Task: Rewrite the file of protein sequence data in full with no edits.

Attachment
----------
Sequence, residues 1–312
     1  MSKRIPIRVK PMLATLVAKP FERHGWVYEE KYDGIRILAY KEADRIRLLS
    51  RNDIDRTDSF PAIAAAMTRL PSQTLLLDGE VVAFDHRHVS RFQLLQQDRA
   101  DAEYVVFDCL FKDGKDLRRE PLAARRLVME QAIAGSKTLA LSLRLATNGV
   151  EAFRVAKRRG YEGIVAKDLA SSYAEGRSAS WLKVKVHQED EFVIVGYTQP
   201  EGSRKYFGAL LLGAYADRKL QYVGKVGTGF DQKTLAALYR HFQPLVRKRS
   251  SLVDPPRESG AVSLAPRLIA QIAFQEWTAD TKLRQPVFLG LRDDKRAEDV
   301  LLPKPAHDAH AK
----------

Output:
Sequence, residues 1–312
     1  MSKRIPIRVK PMLATLVAKP FERHGWVYEE KYDGIRILAY KEADRIRLLS
    51  RNDIDRTDSF PAIAAAMTRL PSQTLLLDGE VVAFDHRHVS RFQLLQQDRA
   101  DAEYVVFDCL FKDGKDLRRE PLAARRLVME QAIAGSKTLA LSLRLATNGV
   151  EAFRVAKRRG YEGIVAKDLA SSYAEGRSAS WLKVKVHQED EFVIVGYTQP
   201  EGSRKYFGAL LLGAYADRKL QYVGKVGTGF DQKTLAALYR HFQPLVRKRS
   251  SLVDPPRESG AVSLAPRLIA QIAFQEWTAD TKLRQPVFLG LRDDKRAEDV
   301  LLPKPAHDAH AK